Can We Lower the Legal Drinking Age?

Underaged drinking is a common occurrence among young adults especially those who are currently enrolled in college. On college campuses there is often a social culture involving drinking. This culture is especially prevalent within the Greek system as students compete for membership into these organizations. Alcohol is a significant factor in their pledging and initiation processes. In Janet Reitman’s article, “Confessions of an Ivy League Frat Boy: Inside Dartmouth’s Hazing Abuses. She describes the influence of Greek Life on underage drinking. Reitman interviews a former Sigma Alpha Epsilon member Andrew Lohse from the chapter at Dartmouth University. This article gives first-hand accounts of the culture of underage drinking within Greek Life on college campuses. Reitman is quoted “Dartmouth frat boys pride themselves on being able to drink six cups of beer in less than 30 seconds – it’s called a “quick six”. The experiences that he has endured have formally publicized how influential and prevalent underage drinking is on college campuses. Alcohol has been integrated into the culture as it is romanticized through underage college students. Students tend to feel the societal pressures to drink to fit in and conform to this unrealistic idea of what college is.

Alcohol has been integrated into the culture as it is romanticized through underage college students. Students tend to feel the societal pressures to drink to fit in and conform to this unrealistic idea of what college is.


According to the National Institute on Alcohol Abuse and Alcoholism, thirty-three percent of teens have consumed at least one alcoholic beverage by the age of fifteen and by age eighteen that statistic increases to sixty percent. Over fifty percent of teens have had one drink at the least by the time they reach legal adulthood, but though at this age they are recognized as adults the consumption of alcohol is still illegal until age twenty-one. This regulation does not stop most students from drinking anyway. The inefficiency of this law calls into question if it is even necessary to legally prevent these people from drinking if they will just drink regardless. This poses the question: Can we lower the drinking age?

The drinking age in its current form was established in 1986 to try to reduce the amount of alcohol related automobile accidents of young adults between the ages of eighteen to twenty-one. Since this alteration was made studies have shown the number of automobile accidents have decreased in this age range. Therefore, it appears the increase in the legal age limit to consume alcohol has been efficient in its goal to reduce traffic crash casualties. However,  other research has shown that the minimum legal drinking age (MLDA) may not completely be responsible for the decline in alcohol-related traffic fatalities, instead the law merely delays the age of when these accidents occur.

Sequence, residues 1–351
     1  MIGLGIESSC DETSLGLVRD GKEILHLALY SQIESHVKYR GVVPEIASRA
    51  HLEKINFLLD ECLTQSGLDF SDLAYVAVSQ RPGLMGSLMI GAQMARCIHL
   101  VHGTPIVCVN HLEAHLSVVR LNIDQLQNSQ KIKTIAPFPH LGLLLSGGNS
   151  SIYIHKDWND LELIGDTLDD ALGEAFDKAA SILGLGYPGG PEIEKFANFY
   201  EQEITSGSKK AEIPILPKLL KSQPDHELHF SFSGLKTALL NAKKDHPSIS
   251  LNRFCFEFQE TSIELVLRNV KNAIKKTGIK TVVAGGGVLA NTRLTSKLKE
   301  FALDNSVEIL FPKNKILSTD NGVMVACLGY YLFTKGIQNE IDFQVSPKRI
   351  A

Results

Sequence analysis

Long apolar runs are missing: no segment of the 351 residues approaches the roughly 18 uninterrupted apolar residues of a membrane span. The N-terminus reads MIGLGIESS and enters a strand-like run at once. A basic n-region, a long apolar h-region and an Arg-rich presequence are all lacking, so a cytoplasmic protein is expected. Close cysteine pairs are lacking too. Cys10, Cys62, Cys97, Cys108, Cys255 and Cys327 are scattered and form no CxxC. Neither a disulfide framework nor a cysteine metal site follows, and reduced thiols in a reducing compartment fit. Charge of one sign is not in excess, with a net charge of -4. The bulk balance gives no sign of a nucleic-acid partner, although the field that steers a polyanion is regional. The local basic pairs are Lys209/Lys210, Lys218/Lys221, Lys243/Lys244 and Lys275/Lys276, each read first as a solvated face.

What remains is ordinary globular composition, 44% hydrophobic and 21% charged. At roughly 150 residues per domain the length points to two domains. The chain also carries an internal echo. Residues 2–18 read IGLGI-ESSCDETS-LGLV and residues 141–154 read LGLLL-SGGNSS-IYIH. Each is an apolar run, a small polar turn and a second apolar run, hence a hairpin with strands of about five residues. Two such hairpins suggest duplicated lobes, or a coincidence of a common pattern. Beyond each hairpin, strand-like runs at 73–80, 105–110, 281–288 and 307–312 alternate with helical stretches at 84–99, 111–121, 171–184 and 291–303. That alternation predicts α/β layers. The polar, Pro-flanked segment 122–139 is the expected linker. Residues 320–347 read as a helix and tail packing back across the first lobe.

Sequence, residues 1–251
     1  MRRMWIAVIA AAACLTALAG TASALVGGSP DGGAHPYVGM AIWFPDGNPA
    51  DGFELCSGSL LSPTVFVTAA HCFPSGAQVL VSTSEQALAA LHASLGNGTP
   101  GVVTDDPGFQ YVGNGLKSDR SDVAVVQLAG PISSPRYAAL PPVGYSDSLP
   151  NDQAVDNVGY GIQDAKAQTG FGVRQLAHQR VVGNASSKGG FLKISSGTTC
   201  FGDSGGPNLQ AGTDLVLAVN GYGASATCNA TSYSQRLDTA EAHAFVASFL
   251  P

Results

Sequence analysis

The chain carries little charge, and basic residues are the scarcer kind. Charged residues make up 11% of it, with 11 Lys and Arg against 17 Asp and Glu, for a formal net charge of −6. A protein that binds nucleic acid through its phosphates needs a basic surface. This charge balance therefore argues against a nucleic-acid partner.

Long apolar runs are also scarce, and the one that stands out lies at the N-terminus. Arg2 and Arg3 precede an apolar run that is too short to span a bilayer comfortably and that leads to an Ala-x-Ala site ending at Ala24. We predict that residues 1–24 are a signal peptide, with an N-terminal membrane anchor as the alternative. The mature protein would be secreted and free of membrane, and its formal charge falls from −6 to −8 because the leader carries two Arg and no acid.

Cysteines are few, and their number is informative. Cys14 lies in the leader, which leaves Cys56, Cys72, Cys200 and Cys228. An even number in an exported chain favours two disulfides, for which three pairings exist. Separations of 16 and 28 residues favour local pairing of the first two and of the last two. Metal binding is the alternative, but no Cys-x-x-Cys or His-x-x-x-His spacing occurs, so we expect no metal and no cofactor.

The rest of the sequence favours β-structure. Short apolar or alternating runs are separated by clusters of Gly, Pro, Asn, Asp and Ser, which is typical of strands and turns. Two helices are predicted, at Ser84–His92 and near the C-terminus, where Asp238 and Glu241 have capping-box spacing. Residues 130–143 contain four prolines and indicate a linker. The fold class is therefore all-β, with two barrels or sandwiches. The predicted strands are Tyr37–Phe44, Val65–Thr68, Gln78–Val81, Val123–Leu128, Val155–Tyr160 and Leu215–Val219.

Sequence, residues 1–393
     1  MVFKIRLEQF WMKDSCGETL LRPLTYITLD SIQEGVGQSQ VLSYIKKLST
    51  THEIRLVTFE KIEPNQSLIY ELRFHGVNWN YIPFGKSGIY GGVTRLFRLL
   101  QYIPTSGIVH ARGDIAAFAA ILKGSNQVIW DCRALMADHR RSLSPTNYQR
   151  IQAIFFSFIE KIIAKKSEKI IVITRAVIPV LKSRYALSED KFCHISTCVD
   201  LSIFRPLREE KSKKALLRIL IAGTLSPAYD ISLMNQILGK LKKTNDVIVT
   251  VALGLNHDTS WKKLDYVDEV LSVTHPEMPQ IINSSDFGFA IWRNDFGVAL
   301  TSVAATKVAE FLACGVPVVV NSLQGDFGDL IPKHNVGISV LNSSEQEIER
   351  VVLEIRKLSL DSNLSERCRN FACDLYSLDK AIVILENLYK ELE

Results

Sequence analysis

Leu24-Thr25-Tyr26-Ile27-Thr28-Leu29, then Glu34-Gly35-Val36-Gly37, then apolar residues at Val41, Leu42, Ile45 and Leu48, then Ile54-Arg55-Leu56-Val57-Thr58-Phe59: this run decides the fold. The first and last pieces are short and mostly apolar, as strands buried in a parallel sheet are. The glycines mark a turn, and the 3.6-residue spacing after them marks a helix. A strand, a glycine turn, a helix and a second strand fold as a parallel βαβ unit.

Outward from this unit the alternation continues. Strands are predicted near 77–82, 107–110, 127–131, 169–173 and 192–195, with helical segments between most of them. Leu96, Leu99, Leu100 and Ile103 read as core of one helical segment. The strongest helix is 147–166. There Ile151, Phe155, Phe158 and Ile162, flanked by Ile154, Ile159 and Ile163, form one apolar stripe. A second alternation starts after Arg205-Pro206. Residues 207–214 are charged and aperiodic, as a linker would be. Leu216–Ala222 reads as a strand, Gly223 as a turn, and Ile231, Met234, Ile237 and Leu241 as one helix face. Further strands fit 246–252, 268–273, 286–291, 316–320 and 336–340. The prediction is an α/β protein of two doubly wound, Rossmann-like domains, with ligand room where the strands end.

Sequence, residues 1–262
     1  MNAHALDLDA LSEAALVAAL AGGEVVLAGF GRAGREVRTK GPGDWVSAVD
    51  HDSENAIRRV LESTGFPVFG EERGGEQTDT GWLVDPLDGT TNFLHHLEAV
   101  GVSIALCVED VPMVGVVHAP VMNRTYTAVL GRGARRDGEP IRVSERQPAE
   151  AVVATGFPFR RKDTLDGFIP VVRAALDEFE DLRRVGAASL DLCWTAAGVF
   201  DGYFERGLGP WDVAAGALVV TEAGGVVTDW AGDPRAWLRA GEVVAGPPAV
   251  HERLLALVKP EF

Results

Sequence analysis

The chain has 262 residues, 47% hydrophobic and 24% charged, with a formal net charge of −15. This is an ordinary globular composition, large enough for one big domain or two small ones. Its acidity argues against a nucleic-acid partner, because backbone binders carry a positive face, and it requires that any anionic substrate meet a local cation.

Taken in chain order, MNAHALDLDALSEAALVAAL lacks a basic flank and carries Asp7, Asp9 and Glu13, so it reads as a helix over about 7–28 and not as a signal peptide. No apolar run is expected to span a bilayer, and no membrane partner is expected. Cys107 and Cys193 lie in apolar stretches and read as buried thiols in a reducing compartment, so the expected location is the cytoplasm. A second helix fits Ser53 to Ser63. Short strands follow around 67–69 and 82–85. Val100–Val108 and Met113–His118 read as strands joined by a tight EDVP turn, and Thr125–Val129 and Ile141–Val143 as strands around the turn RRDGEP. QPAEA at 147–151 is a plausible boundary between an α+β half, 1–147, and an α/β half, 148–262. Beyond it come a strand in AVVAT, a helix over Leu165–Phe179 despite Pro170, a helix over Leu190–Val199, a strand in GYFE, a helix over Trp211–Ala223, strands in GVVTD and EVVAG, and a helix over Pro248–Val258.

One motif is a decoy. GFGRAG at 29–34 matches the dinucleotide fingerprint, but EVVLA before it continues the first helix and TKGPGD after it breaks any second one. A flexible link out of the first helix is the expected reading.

Even if the laws in place prevent alcohol related automobile fatalities, one must also account for the consequences that the law causes hindering students’ success. Since there is such a large population of teens that still drink illegally they are susceptible to arrest, expulsion from school, and additional repercussions that could permanently damage their record. For example, an incident of underage drinking occurred at Miami University in Ohio depicting the strong influence and popularity of alcohol consumption in college only to result in grave consequences in exchange for a night out. Earlier this year a freshman at Miami University died as a result of underage drinking, while another twenty-one students were admitted to the hospital for alcohol poisoning of which 19 of them were underage. Though it is a personal choice to drink most students turn a blind eye to the ramifications that could result from their actions. Therefore, since no likely change in behavior will occur between students and their drinking habits, alterations in the legal age limit could be made in order to reduce the consequences alcohol brings.

On top of academic consequences, we must also consider the health consequences to the drinking age. One of the strongest arguments in favor of lowering the drinking age is that having the drinking age at twenty-one encourages detrimental drinking. Critics of the drinking age argue that the reason that we see such high rates of binge drinking on college campuses is because they are not allowed to have alcohol which makes drinking a mysterious and exciting prospect. Therefore, by lowering the drinking age it eliminates the excitement of alcohol consumption. Underage drinking in college is inevitable so normalizing it would prevent detrimental consequences. Instead of increasing the allure of underage drinking as it is “forbidden,” inputting regulations can further normalize college drinking. Once this is “more normal” drinking loses its “thrill” as it is no longer banned, but promoted to further responsible consumption. Thus, alcohol can be enjoyed in social gatherings as opposed to abusing it.

All in all, small policy changes could achieve the basic goals of the current drinking age and could allow for the age to be safely dropped to eighteen. The easiest of these is to increase the excise tax on alcohol, which has been shown to be to low, as an increased tax decreases risky drinking behavior such as drinking and driving. In addition to this tax another option is the incorporation of responsible drinking can be added to the education that college students receive. By adding programs to teach students safe ways to drink this can help to reduce the abuse of it and allow for the minimum legal age limit to potentially be lowered.

Nicholas Cale: How We Can Afford to Lower the Drinking Age 

Josephine Farrell: Drinking Age Minimum Should Continue to Be 21

Liz O’Brien: The Legalization of Alcohol on College Campuses

Additional Resources: Drinking Age